Help Save A Confederate Flag

At the Battle of Franklin, Tennessee, on November 30, 1864, Brigadier General John Adams lost his life

Brigadier General John Adams
Brigadier General John Adams

while gallantly leading a brigade of Mississippians – the 6th 14th, 15th, 20th, 23rd, and 43rd Mississippi Infantry regiments.

I was recently sent the following press release by James Turner highlighting the work of a Tennessee Group called Save Our Flags, which is engaged in the worthy effort of conserving General Adams’ Brigade Flag. This unique flag stands as a testament to the courage under fire displayed by General Adams and the brave Mississippians he led. It needs to be restored, and I encourage anyone that can help to give to this worthy cause.
The Press Release is as follows:
Contact: James Turner
Save Our Flags
P.O. Box 782
Lebanon, TN 37088-0782
http://www.saveourflags.orgAdams flag press release  close-up
As the Battle of Franklin raged, Confederate General John Adams was felled
by numerous bullets as he rode his horse into the Federal works. Among his
effects that day was a unique brigade flag, and today the Save Our Flags
Initiative has announced they are sponsoring its conservation.Many historic items were donated to the Tennessee Historical Society after
the American Civil War, and among those is Adams’s headquarters flag,
which was donated in 1907 by the general’s widow. Currently maintained at
the Tennessee State Museum, this flag finds itself in dire need of
conservation. James Turner, chairman of the Save Our Flags Initiative,
says that this flag is different from any he’s ever seen, and he’s glad to
involve Save Our Flags in its conservation.  “The brigade flag of General
Adams has risen to the top of the endangered list at the State Museum,”
says Turner, “and with the 150th anniversary of the battle upcoming, we’re
optimistic that this project will grab the attention of the public.
Confederate originals such as this flag are rare, and we’re excited to
help with a flag that went into the melee that was Franklin.”

Dr. Michael Bradley of the Tennessee Civil War Sesquicentennial Commission
added, “In this past year I’ve watched the Save Our Flags people lead the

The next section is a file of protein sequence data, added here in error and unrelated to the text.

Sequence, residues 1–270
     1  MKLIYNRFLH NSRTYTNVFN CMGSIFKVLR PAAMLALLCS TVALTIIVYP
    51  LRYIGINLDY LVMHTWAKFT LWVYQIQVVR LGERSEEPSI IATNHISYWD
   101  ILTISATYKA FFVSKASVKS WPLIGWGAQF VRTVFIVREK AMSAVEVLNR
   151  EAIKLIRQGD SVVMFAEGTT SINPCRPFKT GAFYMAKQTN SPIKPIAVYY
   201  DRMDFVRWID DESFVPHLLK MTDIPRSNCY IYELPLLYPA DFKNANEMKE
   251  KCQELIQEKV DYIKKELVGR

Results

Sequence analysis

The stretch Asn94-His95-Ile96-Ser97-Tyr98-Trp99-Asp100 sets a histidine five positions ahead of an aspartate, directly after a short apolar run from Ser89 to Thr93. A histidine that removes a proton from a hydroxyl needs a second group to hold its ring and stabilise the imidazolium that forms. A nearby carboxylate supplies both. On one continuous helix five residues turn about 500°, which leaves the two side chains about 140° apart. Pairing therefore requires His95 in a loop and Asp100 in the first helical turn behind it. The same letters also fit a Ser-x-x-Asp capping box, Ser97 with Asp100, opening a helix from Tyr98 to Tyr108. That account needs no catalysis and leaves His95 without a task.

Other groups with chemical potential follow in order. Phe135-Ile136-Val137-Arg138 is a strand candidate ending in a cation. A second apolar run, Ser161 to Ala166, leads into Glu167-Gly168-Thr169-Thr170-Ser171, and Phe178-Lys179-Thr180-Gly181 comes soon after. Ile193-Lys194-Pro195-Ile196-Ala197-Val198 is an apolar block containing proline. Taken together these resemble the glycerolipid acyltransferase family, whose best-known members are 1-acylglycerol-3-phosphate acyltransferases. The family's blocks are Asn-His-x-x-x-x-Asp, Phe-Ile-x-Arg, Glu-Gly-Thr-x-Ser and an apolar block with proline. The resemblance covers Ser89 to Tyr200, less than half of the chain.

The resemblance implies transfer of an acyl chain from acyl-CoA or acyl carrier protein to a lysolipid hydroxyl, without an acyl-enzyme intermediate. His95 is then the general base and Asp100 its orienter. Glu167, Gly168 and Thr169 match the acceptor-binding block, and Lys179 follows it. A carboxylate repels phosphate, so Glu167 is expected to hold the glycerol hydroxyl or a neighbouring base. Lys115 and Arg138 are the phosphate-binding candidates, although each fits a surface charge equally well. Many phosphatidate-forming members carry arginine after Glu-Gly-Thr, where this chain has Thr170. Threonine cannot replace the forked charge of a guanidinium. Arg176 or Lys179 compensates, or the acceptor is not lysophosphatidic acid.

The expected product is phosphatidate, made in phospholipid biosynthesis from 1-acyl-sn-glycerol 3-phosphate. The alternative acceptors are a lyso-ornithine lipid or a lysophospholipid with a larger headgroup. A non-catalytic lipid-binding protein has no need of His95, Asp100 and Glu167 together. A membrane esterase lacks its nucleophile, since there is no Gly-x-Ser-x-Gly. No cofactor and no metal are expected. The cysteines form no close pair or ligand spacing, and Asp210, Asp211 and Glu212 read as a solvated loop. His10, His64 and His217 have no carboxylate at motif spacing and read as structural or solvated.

way for the conservation of the battle flag of the 14th Tennessee
Infantry, the famous kepi of General Cleburne, and the Sam Davis overcoat.
While other organizations are asking for money, it’s refreshing to see
these folks volunteering to raise it.”

The Save Our Flags Initiative has raised and donated tens of thousands of
dollars to help conserve items preserved by the Tennessee Historical
Society and Tennessee State Museum. “We care about these tangible
heirlooms from our ancestors,” said Michael Beck, commander of the
Tennessee Division, Sons of Confederate Veterans, “and we intend to do
everything we can to be sure they remain intact for future generations.”

Meanwhile, the group is asking the public to let them know if they have
any particular information on this flag, or its maker. “Records show that
it was made by an unidentified Mississippi woman in 1863,” says Battle of
Franklin historian David Fraley, “but we know little beyond that, and
would like to hear from anyone with more details. Because we know that
brigade flags were carried forward at this particular battle, an educated
guess would be that this flag was unfurled in the midst of the fighting.”

The estimated cost of the flag’s conservation is $6,500, and the Save Our
Flags Initiative typically relies on small donations to conserve these
items. “People often say that they’d like to be involved in things like
this,” said Turner, “and because every penny donated goes toward
conservation, even a ten dollar donation makes a big difference.”

The Save Our Flags Initiative is an outreach of the Tennessee Division,
Sons of Confederate Veterans, and its sole purpose is to help conserve
endangered flags and textiles from the War Between the States. Founded in
1896, the Sons of Confederate Veterans is a genealogical, non-profit
organization of over 30,000 descendants of Confederate soldiers.


If you’d like more information on this topic, or to schedule an interview
with James Turner, please call James Turner at 931-325-9860 or by emailing

Show message history

Further details are also available at or at Facebook

Map of the Battle of Franklin -
Map of the Battle of Franklin –

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